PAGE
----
News Tuesday, JULY 11th, 2000
EU council of ministers sets up Temelin commission
The EU council of ministers, which consists of the foreign ministers of the 15 member states, has set up a commission to investigate and report on the controversial Temelin nuclear plant in South Bohemia. The issue of Temelin was raised by Austria's foreign minister, Benita Ferrero-Waldner. Austria has been strongly opposed to the completion of Temelin, and according to Mrs. Ferrero-Waldner, the Czech Republic has not fulfilled its obligation to keep the Austrian government informed of progress in the plant. In particular, the Austrian government is concerned that nuclear fuel is now being loaded into the first reactor at Temelin, while they apparently received no information that this was going to happen. Although nuclear power is not an issue for the Czech Republic's EU membership preparations, the EU has specified that the maximum safety standards are to be maintained.
Parliament approves election law
The controversial new election law has been passed for a second time by the Lower House of Parliament, thus overriding President Havel's veto. The president vetoed the law two weeks ago, after it was passed by a narrow margin in the Senate. The new law will favour the larger Czech political parties, and make it more difficult for smaller parties to obtain political representation. The law was put forward by the two largest political parties, the ruling Social Democrats and the opposition Civic Democrats, who support the government via a power sharing agreement. The law was passed by 124 out of the 129 members of parliament present, as the representatives of the smaller parties boycotted the vote, and they are considering passing the matter to the Constitutional Court. President Havel is also expected to approach the Constitutional Court over the new law, although he has not confirmed this, saying that he is prepared for several courses of action, and will take steps in accordance with his conscience.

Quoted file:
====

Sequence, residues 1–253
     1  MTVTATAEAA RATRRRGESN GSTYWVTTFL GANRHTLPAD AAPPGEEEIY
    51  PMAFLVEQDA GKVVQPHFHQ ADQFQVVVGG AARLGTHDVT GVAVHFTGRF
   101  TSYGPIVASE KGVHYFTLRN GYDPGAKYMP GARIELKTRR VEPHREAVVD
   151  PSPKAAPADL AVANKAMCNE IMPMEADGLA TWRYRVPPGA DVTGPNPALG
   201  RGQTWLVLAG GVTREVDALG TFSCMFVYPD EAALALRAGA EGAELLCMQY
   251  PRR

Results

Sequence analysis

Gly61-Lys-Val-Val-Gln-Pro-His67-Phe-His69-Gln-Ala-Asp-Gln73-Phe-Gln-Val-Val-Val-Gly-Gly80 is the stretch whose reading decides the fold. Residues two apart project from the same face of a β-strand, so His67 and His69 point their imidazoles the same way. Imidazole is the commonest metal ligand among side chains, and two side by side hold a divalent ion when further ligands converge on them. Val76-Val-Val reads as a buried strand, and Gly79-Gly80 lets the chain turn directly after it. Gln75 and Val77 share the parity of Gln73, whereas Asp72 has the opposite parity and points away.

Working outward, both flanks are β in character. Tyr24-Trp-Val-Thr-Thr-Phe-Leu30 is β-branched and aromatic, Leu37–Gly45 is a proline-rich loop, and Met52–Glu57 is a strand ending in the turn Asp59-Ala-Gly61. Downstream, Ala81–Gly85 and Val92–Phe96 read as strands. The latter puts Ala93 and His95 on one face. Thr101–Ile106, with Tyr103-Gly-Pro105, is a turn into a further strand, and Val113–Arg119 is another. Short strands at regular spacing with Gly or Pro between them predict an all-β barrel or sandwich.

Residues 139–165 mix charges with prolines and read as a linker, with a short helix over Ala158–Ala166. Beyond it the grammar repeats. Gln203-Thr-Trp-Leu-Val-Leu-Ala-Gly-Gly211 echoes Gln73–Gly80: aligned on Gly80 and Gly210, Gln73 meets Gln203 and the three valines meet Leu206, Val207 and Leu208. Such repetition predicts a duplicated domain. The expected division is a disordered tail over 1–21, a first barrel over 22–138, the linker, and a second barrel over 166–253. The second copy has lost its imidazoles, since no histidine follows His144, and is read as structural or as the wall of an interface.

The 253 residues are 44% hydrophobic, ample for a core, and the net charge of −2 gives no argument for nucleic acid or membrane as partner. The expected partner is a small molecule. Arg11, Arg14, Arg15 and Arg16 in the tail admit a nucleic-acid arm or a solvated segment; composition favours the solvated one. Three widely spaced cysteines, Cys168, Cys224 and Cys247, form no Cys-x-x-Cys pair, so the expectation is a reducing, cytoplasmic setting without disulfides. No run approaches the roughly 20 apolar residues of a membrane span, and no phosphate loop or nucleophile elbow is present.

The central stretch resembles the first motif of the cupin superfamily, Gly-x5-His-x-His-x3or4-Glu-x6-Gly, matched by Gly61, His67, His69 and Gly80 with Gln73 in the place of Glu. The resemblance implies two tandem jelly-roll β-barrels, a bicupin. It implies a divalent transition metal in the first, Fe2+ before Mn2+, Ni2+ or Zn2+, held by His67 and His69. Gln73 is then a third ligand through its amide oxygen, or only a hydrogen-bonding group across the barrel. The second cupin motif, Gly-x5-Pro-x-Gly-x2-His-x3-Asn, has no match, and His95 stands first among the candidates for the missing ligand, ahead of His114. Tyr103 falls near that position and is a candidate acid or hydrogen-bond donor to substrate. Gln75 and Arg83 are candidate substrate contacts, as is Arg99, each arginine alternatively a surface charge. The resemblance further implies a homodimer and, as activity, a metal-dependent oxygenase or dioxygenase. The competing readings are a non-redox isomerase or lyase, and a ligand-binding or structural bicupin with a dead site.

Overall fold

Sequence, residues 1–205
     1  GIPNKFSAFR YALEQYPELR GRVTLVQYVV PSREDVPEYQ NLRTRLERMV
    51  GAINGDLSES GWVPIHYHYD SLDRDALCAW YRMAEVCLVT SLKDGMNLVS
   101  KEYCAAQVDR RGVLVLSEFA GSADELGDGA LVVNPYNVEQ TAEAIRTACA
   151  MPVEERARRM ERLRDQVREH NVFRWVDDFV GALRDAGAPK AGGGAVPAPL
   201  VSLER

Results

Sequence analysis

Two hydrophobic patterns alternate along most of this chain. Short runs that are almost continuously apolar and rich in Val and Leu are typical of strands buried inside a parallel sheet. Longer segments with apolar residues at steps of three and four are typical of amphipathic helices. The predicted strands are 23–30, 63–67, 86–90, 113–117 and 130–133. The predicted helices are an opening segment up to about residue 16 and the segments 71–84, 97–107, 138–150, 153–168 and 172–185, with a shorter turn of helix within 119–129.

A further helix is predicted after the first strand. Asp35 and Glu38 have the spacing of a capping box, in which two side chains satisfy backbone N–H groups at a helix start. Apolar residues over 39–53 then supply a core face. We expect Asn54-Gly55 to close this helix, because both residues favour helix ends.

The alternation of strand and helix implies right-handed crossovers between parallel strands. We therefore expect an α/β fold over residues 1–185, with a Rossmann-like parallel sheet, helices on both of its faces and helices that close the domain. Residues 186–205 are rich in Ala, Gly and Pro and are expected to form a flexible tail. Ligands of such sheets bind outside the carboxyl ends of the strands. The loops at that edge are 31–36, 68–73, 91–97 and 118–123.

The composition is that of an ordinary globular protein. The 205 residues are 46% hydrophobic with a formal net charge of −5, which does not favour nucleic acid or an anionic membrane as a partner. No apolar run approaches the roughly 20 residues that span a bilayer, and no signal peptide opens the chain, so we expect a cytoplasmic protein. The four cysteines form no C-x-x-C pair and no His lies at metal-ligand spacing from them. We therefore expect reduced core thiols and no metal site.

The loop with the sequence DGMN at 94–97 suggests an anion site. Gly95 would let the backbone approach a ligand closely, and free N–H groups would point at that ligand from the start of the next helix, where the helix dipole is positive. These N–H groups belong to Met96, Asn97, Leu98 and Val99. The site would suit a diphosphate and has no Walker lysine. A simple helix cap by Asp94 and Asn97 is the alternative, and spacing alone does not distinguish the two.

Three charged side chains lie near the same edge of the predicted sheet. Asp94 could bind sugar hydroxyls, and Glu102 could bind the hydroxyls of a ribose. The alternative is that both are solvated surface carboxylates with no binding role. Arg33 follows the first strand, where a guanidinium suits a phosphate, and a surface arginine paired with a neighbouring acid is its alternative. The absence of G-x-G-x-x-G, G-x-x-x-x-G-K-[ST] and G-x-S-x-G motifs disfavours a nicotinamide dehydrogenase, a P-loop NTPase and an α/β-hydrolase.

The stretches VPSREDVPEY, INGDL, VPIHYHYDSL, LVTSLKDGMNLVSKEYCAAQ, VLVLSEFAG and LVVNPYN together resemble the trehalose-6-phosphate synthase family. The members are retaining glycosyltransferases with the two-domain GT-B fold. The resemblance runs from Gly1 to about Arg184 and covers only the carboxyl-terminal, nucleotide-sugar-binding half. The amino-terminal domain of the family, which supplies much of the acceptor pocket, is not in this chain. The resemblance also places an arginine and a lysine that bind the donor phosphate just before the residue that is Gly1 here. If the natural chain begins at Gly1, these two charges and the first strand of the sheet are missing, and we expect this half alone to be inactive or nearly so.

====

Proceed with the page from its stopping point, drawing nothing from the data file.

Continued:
Refugees caught on Slovak border
A group of sixty two illegal refugees from Sri Lanka, India, Afghanistan and Vietnam have been caught on the Slovak border by the Czech police. A group of six Czechs and Slovaks was detained with them, and they have been charged with smuggling the refugees into the country. The group were arrested after crossing the Czech-Slovak border on foot, and are to be returned to Slovakia. None of the refugees have requested political asylum in the Czech Republic.
Man charged with murdering Jews during WWII
The state prosecutor in Stuttgart has filed charges against Julius Viel, who is suspected of murdering seven Jewish inmates in a concentration camp in Litomerice in North Bohemia during the Second World War. Mr. Viel, aged 82, who was a teacher at a Nazi school, and an SS officer, allegedly killed the seven Jewish inmates out of a desire to commit murder. He has been on remand since last October, and following two failed efforts to be released from custody, tried to commit suicide. Mr. Viel denies all charges against him. No term has yet been set for Mr. Viel's trial.
Havel returns law to Parliament